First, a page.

Have you ever flown somewhere, and wondered about the other people on the plane? What were their stories, and the circumstances that brought them together to share a (tiny) space with you for a few hours?

Well, if you happen to know a guy with a drinking problem who flew from Washington to Atlanta last week, you might want to forward this article to him. He might have a panic attack when he reads it, although some might say he deserves it.

Okay, lots of people might say he deserves it.

Our story begins aboard Delta Flight 151 last Thursday, and involves three passengers in Row 15. They weren't traveling together, and in fact didn't know one another.

  • In the middle seat: Joan Kirchner Carr, the chief of staff to U.S. Sen. Johnny Isakson. (Also, her husband, Chris Carr, is the state's attorney general.)
  • In the aisle seat: the Drunk Guy.
  • In the window seat: a good Samaritan, Scott Holcomb, who happens to be an Army veteran and a Georgia state representative. (This article is based mainly on the accounts of Carr and Holcomb.)

Again, none of them knew each other, but according to Carr, Drunk Guy was--well, drunk. Before the flight took off, he was loud and obnoxious, singing loudly as soon as he sat down. She could smell the alcohol on his breath, she told me. Then he started acting way too overly friendly toward her.

"Don't touch me!"

"How long have you two been together?" Drunk Guy asked Carr, gesturing at Holcomb, who was sitting asleep on Carr's other side. Carr had never met him, and said so.

"You could have fooled me!" Drunk Guy said in reply. Then he allegedly put his arm around Carr and tried to pull her towards him. She shoved it back toward him. (In summarizing later what happened, both she and Holcomb called this an "inappropriate touching.")

"Don't touch me again!" she yelled, as firmly and loudly as she could.

Drunk Guy recoiled and apologized. The noise woke Holcomb, who glared at Drunk Guy, and took out his laptop--to indicate he was keeping tabs on Drunk Guy, he later said, and wouldn't go back to sleep.

The drinks cart came by. Drunk Guy jumped out of his seat, and walked toward the back of the plane. Holcomb and Carr talked; he offered to switch seats with her, and said he'd stay awake to back her up if anything else happened.

Then, Drunk Guy came back to Row 15--now carrying a hot cup of coffee and two small bottles of vodka that Carr assumed he'd stolen. He downed the vodka quickly, and wouldn't leave Carr alone, nudging her and trying to get her to give him a fist bump.

"Stop talking to me!" she called out. A flight attendant saw what was going on.

"Do you want to press charges?"

Drunk Guy had been bothering other people too, Carr said--banging the seat in front of him, generally being loud, drunk, and obnoxious. But now, he closed his eyes and either passed out or pretended he was out cold.

The flight attendant moved Carr back to Row 28. Holcomb picked up the story. Disclosure: Holcomb and I are both Army JAG Corps veterans and Facebook friends. He told me (via Facebook Messenger):

After she left, he felt really awkward. He leaned over to fist bump, and I shook my head no in disapproval. This made him upset and I said, "I'm not going to fist bump you." ... Then, here's the even weirder thing. He grabbed me on the arm and then later on the hand, again trying to connect. Each time I pushed him off. Finally, he slapped my book.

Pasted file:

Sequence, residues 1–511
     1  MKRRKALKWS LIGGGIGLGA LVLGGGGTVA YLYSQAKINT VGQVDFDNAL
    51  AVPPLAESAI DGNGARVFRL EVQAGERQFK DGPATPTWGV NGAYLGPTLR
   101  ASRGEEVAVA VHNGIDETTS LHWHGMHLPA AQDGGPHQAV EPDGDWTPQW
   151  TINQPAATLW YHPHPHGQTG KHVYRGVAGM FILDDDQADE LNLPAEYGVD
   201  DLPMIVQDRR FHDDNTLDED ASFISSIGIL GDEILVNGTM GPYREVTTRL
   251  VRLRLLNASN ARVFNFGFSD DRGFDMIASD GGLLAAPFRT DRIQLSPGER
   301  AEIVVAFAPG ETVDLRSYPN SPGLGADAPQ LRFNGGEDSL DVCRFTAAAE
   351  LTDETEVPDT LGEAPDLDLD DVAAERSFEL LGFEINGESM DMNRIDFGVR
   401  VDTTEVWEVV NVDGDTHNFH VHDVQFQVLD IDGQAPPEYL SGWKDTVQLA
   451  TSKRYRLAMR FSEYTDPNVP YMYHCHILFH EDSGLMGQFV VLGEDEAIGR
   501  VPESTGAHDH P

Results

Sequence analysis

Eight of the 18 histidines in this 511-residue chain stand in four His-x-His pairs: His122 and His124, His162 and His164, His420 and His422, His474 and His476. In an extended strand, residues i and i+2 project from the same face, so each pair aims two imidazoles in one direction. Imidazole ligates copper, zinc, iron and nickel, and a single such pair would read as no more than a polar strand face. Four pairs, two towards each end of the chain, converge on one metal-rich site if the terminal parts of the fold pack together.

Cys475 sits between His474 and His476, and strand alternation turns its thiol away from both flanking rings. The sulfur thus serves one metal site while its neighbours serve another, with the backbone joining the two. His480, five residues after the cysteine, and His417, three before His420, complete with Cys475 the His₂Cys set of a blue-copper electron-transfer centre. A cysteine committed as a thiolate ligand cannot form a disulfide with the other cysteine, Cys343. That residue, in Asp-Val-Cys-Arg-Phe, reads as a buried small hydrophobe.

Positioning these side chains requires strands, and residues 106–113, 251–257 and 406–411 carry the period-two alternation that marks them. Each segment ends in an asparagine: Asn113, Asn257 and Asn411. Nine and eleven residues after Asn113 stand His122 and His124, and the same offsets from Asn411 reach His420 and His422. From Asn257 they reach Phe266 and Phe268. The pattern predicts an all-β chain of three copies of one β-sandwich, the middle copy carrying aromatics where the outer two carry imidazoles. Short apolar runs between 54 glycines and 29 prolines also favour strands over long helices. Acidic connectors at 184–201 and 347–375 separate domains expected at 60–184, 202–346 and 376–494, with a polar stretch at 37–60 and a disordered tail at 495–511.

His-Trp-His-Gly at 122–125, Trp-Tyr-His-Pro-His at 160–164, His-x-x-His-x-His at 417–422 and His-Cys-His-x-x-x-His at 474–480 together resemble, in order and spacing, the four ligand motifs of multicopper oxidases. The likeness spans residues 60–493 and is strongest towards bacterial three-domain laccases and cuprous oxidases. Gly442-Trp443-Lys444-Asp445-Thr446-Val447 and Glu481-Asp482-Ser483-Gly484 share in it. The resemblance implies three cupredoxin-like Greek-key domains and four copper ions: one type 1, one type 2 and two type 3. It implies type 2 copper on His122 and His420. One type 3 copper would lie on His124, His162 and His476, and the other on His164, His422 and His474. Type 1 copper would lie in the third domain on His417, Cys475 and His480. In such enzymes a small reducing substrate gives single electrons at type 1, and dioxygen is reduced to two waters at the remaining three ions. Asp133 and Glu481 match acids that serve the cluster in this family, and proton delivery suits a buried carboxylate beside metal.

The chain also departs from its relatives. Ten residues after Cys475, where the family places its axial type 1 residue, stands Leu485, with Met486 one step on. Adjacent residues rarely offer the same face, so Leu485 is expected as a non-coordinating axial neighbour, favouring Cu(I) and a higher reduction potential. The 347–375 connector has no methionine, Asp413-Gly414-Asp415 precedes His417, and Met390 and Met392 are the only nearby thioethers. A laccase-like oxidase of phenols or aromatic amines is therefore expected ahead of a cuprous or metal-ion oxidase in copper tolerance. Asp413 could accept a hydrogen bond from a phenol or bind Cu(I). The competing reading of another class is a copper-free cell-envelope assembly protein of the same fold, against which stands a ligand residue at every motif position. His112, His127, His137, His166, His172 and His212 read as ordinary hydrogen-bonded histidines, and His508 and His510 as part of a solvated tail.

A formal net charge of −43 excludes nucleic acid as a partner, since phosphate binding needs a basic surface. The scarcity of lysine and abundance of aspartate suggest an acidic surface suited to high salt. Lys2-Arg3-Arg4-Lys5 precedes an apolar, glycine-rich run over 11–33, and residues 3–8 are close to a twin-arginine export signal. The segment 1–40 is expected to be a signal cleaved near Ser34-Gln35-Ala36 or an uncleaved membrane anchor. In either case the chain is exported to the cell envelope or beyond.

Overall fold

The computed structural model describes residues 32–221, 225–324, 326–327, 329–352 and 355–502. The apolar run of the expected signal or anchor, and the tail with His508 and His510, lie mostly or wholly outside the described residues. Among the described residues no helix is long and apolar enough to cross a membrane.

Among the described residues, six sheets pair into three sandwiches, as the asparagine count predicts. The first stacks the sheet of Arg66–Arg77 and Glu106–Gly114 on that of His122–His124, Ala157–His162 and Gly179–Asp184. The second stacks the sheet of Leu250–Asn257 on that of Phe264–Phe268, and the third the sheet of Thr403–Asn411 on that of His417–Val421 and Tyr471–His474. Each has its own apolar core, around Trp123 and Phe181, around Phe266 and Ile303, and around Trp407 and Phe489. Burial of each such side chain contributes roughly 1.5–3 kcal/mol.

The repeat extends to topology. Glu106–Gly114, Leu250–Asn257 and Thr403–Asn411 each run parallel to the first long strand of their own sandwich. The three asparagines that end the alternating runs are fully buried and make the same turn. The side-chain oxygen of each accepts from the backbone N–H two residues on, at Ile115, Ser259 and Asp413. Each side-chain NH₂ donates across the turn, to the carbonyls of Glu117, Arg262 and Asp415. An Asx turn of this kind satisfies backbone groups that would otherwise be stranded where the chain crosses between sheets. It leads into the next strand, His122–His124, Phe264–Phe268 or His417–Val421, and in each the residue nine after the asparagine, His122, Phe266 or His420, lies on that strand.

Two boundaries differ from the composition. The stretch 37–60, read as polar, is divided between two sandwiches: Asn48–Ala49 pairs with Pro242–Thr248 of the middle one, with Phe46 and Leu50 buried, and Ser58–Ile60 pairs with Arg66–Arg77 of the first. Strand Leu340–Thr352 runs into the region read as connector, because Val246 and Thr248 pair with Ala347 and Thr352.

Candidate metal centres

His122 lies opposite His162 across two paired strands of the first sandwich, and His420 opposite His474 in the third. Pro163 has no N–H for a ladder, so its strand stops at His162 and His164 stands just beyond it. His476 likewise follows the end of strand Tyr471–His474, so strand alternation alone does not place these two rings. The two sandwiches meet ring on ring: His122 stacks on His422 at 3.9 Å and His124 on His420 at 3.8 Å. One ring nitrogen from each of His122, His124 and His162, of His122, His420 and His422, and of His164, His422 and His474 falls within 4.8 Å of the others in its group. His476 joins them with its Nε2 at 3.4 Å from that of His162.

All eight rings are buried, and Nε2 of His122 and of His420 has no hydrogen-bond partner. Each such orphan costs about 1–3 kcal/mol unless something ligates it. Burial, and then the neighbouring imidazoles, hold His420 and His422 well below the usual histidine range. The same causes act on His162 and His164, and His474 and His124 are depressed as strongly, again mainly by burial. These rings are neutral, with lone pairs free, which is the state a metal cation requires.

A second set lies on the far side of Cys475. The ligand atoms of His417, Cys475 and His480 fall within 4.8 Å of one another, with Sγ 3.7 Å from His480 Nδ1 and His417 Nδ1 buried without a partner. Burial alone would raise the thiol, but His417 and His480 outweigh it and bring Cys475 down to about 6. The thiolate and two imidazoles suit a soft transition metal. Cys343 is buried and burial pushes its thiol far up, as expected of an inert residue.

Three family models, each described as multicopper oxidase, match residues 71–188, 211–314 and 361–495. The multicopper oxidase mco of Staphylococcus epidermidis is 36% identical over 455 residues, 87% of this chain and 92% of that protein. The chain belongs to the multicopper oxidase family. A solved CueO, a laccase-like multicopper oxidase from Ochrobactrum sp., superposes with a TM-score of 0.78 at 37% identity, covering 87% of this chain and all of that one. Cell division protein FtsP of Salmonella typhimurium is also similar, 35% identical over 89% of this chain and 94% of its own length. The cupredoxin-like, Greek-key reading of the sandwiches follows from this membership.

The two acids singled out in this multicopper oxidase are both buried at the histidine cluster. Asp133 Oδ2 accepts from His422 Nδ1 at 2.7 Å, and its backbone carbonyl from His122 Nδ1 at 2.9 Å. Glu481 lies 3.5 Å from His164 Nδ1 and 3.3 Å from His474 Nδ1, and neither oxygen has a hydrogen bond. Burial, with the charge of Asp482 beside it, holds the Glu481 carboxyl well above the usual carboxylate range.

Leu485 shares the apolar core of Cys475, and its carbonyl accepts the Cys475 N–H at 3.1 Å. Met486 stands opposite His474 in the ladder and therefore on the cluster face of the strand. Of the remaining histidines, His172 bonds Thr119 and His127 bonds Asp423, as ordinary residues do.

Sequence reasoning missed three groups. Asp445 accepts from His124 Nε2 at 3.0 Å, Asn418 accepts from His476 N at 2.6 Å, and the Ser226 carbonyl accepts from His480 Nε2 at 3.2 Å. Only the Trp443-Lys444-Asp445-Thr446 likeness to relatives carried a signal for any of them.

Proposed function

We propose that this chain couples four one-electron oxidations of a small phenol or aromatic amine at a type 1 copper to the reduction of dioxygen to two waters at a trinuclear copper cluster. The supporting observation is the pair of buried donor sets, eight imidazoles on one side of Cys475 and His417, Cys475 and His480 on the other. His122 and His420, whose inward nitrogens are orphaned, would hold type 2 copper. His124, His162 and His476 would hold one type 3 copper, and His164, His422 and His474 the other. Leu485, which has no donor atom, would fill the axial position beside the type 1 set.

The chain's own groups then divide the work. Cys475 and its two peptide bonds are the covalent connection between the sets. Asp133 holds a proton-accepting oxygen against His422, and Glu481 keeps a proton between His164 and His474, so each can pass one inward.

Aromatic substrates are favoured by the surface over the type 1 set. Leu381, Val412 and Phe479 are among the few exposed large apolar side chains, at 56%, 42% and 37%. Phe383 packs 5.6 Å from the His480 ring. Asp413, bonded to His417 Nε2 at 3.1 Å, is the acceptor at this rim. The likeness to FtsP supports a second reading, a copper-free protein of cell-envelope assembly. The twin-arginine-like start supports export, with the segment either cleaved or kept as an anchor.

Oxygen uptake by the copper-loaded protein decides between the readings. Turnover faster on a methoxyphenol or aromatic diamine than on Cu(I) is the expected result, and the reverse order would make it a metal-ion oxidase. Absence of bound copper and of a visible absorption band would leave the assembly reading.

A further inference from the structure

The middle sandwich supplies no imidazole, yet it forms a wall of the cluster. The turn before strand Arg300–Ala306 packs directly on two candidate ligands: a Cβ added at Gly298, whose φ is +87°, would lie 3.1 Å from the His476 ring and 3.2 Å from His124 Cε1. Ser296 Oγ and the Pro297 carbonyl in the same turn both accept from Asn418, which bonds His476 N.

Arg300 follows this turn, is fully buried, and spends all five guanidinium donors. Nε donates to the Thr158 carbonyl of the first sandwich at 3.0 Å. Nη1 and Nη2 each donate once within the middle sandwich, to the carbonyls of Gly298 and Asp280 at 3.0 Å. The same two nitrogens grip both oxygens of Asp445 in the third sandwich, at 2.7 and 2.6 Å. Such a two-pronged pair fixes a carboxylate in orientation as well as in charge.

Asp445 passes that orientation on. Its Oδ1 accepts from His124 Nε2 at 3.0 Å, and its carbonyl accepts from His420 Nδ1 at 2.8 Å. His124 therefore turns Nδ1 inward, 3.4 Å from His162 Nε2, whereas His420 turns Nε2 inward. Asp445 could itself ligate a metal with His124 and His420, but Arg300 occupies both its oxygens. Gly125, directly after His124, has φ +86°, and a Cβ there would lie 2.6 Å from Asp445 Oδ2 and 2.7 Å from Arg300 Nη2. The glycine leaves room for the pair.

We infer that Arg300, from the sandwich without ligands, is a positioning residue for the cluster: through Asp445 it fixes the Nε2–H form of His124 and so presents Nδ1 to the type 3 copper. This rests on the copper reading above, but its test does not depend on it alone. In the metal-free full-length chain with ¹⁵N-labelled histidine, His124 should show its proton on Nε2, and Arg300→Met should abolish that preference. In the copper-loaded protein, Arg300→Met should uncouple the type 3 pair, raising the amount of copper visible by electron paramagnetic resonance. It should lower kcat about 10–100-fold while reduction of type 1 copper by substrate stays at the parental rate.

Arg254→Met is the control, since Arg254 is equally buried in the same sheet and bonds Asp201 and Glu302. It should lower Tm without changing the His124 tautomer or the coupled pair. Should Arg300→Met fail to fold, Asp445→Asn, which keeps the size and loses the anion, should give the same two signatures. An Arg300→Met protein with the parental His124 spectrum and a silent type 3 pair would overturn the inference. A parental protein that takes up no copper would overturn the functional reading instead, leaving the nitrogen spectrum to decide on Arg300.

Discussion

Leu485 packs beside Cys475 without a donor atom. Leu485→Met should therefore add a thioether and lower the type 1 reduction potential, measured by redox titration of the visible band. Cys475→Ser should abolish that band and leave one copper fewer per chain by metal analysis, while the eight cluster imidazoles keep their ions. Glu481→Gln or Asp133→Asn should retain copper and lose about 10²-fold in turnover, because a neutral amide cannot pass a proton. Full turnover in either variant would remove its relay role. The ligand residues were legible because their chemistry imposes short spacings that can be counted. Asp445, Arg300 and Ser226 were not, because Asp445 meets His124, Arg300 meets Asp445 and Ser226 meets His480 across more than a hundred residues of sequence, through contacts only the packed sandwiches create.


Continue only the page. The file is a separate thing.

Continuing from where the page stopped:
I gave him a look (I have the ability to transmit I've had enough without saying it) and he could tell I was about to become uncivil. He immediately apologized.

Drunk Guy calmed down. The plane reached Atlanta, and the flight attendants asked Carr if she wanted to press charges against Drunk Guy. She declined, but asked for the airline's assistance in making sure he wouldn't follow her off the plane.

She never saw him again. Holcomb told me he saw Drunk Guy being interviewed by a security guard or plainclothes police officer, and heard him trying to "underplay what happened and say it just a misunderstanding. ... He is super, super lucky if he wasn't arrested."

Comity at 30,000 feet

As far as we know, Drunk Guy wasn't arrested. (I asked Delta for more details; they declined to comment. To be clear, both Carr and Holcomb said they thought Delta handled everything as well as possible.)

If Drunk Guy wasn't arrested, however, he truly is "super lucky," for he almost certainly had no idea who Carr was. Besides being the chief of staff to a powerful U.S. senator, she's also married to the top law enforcement official in Georgia. Nobody should have to deal with this kind of thing obviously, but I like to imagine Drunk Guy's reaction if he learned that the husband of the woman he was drunkenly harassing actually puts people in jail for a living.

Moreover, a few good things came out of all this. While Holcomb and Carr talked on the plane, they never actually met or told each other their names. Later, Holcomb posted on Facebook about his experience and his disgust with Drunk Guy, and it turned out he's friends with Carr's sister-in-law. Having heard the same story from two totally unrelated people, she put them together.

Carr works for a Republican senator and is married to the Republican attorney general, Holcomb is a Democrat. Regardless of their political opposition, now Carr and her husband, and Holcomb and his wife, are getting dinner together. All because of a Drunk Guy who acted like an idiot on a plane.